Anjali Sharma 16 of Melbourne’s School Strike 4 Climate and 7 other teenagers had taken Environment Minister Sussan Ley to court, claiming her approval of Vickery coal mine in regional New South Wales would violate her duty of care to them and future generations.
In addition to Anjali Sharma, there were – Isolde Shanti Raj-Seppings, Ambrose Malachy Hayes, Tomas Webster Arbizu, Bella Paige Burgemeister, Laura Fleck Kirwan, Ava Princi and Luca Gwyther Saunders – all Australian children part of the applicant group. As a consequence of their youth, the proceeding was brought by their litigation representative Sister Marie Brigid Arthur, a Sister of the Brigidine Order of Victoria.
This group of teenagers from around Australia was seeking a declaration that the minister had a duty of care to them and not to cause them harm by hurting the environment. They were also seeking an injunction against an extension to the Vickery coal mine in regional NSW, by the minister.
The 16-year old lead complainant Anjali Sharma had warned the project would burn roughly 370 billion tonnes of carbon emissions over its lifetime if it went ahead.
“She really needs to understand that she’s the one who’s making decisions that we are going to live with, that we are going to have to raise the next generation under,” Anjali was quoted as saying by the Herald Sun.
Anjali and others had no doubt that the minister owed them and future generations a duty of care. And to their utmost delight, the Federal Court agreed.
“Having weighed and balanced those considerations, the Court is satisfied that a duty of care should be recognised.
“Accordingly, the Court has determined the Minister has a duty to take reasonable care not to cause the Children personal injury when exercising her power under s 130 and s 133 of the EPBC Act to approve or not approve the Extension Project”, Justice M. Bromberg of the Federal Court said.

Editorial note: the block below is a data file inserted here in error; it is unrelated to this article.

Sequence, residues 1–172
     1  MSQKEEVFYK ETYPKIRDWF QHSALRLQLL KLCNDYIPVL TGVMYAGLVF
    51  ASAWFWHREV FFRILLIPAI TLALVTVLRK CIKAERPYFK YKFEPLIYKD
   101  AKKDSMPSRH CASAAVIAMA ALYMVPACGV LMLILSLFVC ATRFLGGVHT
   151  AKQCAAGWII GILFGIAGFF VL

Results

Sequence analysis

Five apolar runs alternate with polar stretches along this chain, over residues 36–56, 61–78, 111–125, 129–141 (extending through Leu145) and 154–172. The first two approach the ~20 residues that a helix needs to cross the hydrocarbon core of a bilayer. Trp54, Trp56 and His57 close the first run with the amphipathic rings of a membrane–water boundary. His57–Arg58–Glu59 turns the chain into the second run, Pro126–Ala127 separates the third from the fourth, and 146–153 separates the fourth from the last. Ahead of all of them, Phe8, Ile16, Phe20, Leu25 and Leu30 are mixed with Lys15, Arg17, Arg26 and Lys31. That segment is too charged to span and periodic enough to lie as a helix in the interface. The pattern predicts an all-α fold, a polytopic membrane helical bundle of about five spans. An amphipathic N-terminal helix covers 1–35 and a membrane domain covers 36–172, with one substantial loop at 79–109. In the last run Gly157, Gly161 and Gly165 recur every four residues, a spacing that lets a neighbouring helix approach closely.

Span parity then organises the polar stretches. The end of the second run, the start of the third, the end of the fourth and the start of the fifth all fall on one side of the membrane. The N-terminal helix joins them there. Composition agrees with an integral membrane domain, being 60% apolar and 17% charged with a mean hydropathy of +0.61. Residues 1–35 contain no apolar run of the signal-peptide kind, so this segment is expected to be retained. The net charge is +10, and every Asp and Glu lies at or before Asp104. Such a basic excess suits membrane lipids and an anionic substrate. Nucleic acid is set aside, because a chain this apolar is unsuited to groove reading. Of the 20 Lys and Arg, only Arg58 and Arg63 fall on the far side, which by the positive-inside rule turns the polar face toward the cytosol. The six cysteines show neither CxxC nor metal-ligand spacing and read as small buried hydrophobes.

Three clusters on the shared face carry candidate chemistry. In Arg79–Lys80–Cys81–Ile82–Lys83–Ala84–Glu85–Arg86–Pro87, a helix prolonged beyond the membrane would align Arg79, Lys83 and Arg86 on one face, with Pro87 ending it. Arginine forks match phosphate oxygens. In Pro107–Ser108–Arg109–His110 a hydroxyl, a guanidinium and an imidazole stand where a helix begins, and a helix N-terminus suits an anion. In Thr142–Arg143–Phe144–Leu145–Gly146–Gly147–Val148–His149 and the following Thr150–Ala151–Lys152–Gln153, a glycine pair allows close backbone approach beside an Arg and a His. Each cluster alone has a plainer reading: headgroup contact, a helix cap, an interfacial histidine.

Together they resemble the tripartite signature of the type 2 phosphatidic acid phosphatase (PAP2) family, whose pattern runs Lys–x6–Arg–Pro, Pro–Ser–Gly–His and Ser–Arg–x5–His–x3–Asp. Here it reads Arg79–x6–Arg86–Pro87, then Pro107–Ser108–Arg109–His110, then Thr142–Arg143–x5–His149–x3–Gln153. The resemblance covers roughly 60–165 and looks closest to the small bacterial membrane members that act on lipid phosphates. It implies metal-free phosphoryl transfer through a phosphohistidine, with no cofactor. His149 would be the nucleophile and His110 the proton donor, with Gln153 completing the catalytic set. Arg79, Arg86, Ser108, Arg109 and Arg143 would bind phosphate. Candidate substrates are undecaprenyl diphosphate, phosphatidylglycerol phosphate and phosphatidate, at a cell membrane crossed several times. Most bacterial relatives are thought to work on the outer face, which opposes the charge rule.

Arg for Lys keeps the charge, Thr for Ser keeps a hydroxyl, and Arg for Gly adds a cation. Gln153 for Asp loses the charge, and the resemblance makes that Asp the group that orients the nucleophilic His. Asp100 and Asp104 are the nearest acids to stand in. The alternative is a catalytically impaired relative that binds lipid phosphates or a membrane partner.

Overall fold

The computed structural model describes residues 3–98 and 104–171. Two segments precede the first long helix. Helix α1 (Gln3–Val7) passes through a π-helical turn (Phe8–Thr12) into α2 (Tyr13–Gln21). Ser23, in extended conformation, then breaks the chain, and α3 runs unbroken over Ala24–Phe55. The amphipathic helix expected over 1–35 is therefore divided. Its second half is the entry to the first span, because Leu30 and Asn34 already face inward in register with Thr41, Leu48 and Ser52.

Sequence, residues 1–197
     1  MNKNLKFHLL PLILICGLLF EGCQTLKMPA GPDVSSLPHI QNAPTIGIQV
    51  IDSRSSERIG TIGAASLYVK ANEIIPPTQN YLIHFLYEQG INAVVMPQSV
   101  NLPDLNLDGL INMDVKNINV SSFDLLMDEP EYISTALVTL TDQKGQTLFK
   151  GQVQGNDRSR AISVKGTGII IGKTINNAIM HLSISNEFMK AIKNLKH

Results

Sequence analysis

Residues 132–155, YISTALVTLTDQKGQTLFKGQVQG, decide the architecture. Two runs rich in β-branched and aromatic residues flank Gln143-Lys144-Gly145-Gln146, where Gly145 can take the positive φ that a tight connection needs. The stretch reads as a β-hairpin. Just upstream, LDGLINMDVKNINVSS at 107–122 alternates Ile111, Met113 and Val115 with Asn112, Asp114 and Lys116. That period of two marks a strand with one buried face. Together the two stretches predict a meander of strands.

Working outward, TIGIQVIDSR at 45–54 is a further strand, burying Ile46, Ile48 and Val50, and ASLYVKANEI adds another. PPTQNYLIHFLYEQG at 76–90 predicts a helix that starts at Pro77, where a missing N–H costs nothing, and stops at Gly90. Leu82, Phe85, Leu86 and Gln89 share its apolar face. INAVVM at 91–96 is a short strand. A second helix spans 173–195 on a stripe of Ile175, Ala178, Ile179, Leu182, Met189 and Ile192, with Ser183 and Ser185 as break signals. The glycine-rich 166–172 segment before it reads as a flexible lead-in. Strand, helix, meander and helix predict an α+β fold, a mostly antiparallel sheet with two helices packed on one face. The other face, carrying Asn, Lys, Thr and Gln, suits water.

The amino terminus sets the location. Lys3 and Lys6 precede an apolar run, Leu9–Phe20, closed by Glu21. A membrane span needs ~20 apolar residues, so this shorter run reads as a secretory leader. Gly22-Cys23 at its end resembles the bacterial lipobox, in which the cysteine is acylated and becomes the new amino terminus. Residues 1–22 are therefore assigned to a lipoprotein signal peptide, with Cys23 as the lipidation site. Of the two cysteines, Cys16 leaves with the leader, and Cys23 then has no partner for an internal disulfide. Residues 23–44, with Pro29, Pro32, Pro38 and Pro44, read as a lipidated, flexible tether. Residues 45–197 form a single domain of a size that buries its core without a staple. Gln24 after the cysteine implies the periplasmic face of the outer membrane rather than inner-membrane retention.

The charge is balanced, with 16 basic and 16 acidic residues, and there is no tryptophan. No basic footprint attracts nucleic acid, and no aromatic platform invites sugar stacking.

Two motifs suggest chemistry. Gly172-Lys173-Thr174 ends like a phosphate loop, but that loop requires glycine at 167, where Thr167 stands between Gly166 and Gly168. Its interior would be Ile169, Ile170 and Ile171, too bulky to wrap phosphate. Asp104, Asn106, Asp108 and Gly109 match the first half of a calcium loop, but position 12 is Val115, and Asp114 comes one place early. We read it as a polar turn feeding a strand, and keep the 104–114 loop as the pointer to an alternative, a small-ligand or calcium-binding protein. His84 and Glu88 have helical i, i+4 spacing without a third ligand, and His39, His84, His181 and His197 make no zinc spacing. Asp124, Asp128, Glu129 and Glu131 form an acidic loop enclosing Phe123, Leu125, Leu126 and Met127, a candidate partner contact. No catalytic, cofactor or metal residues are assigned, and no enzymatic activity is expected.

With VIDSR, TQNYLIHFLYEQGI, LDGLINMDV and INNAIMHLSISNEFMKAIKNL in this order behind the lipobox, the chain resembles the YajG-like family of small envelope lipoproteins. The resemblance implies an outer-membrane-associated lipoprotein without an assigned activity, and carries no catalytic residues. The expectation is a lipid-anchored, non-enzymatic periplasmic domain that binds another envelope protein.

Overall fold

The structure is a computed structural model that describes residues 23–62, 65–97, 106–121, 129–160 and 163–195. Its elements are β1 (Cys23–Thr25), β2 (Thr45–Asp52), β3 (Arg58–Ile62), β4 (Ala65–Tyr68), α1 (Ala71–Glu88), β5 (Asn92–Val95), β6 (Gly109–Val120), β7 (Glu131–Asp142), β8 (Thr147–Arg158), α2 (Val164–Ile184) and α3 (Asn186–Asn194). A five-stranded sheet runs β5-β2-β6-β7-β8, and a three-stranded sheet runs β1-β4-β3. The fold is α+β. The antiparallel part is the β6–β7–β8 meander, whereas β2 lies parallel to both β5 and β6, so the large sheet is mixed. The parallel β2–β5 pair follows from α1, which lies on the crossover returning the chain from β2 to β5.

Addressing their prayer for injunction the judge said: “I have not been satisfied that a reasonable apprehension of breach of the duty of care by the Minister has been established. Nor have the applicants satisfied the Court that the extent of the restraint they seek is justified.”
Welcoming the decision of the court to dismiss the injunction application, Whitehaven Coal, owners of Vickery Coal mine, said:
“Whitehaven Coal welcomes today’s judgment in the Federal Court dismissing proceedings seeking to prevent the Federal Environment Minister granting an approval for the company’s Vickery Extension Project under the Environmental Protection Biodiversity and Conservation Act (1999).
“Our consistent position has been that this legal claim was without merit.”
Whitehaven insists there is a continuing role for high quality coal in contributing to global CO2 emissions reduction efforts while simultaneously supporting economic development in our near region. The company says there is strong market demand for the high quality product of the type Vickery will produce.
BT understands both sides are in talks over the draft form of final orders including costs orders to be submitted to the judge’s chambers by June 3.
The group (of teenagers) was approached after the 2019 School Strike 4 Climate marches by lawyers who had been working on case theory “for a very long time”, Anjali had told Herald Sun.
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